Coming Out Of the Scientific Closet

I have worked in “show business” all of my adult life. I started out at age 19 playing the bass. I very quickly became an impresario, hiring other musicians for concerts and recordings. Then I wrote and published some plays which have done pretty well. Then I got into doing video and television. And now I appear as a speaker.

So as a speaker, it’s not surprising that I tend to think of myself as an entertainer. But, things are changing.

I was once speaking to a group of doctors, and the head guy came out and, referring to “Principles of Applied Stupidity,” said I was a “scientist.”

That really surprised me, as most people tend to focus on my musical / Boston Pops resume. But he was right. In my natural state (and playing the bass was not my natural state, believe me . . . it was just a way to make money), I am constantly doing “data analysis” in my head. Granted, in the pit of the Schubert theater playing “Annie,” I was analyzing a very odd kind of data, but still, I could not help but fall into doing an anthropological study of the musicians I observed around me. I was just trying to make sense out of the apparently nonsensical data that was being presented to me every day.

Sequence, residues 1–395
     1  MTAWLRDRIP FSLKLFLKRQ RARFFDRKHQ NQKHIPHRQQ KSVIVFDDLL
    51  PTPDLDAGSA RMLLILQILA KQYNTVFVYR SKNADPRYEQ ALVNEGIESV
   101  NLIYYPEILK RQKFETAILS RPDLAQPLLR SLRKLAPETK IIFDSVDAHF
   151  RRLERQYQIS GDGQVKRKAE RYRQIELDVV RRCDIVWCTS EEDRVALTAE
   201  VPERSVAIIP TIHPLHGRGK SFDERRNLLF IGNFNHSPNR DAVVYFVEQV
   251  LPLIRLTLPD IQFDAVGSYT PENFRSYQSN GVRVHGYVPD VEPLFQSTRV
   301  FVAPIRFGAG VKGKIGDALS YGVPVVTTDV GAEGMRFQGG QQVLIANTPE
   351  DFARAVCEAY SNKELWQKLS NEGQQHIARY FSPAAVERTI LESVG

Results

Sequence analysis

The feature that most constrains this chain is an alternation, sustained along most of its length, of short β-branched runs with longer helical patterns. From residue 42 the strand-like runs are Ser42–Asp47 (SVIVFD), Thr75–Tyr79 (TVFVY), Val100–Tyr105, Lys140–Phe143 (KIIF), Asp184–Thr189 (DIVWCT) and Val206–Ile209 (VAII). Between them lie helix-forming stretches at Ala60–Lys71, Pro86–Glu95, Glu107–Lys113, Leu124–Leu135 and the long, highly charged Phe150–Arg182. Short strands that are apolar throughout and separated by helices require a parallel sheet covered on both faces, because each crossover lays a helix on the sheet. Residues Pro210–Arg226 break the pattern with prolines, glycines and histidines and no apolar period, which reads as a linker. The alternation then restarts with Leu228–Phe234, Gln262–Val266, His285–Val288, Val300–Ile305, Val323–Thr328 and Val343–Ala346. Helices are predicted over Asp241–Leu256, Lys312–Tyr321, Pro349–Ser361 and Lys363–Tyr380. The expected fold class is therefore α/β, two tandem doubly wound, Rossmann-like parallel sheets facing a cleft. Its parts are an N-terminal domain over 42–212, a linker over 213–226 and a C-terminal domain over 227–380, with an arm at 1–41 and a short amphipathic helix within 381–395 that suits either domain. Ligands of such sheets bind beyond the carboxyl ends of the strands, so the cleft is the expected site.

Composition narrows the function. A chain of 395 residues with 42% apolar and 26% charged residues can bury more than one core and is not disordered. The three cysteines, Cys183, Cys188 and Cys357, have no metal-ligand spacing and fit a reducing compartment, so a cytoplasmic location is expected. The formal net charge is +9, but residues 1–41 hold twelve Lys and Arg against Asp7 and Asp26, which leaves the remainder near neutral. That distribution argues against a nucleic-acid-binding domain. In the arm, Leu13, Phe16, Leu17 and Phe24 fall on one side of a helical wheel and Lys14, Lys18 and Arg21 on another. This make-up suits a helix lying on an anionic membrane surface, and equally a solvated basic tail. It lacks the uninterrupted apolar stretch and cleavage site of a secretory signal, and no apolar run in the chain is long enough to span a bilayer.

My first book, “Real Men Don’t Rehearse,” emphasized my ability to make people laugh while telling a good story. But even then, there are two highly analytical chapters: one is about how practicing works at the professional level, and the other is about the patterns one finds in the names of conductors. (It was meant to be a joke, but I made up these pseudoscientific hypotheses about how a conductor’s name must have five syllables, unless they have a Z or a V in it, then they can go with less, and it is frighteningly accurate.)

But clearly, in my last two books (“principles” and “rich kid”), I have been veering more and more into what I now know are called the “behavioral sciences.” I practice a little bit of anthropology, some psychology, some history, but all of it is heavily influenced by my artistic training, which gets me away from a linear mechanical approach.

I’m constantly trying to come up with a good “elevator pitch.” And while I used to define myself as an author and a speaker, those are just delivery systems, that’s not what’s in the truck. So I think it’s fair to say that I qualify as a behavioral scientist, and now that is what I speak about– in an entertaining way of course.

© Justin Locke

 

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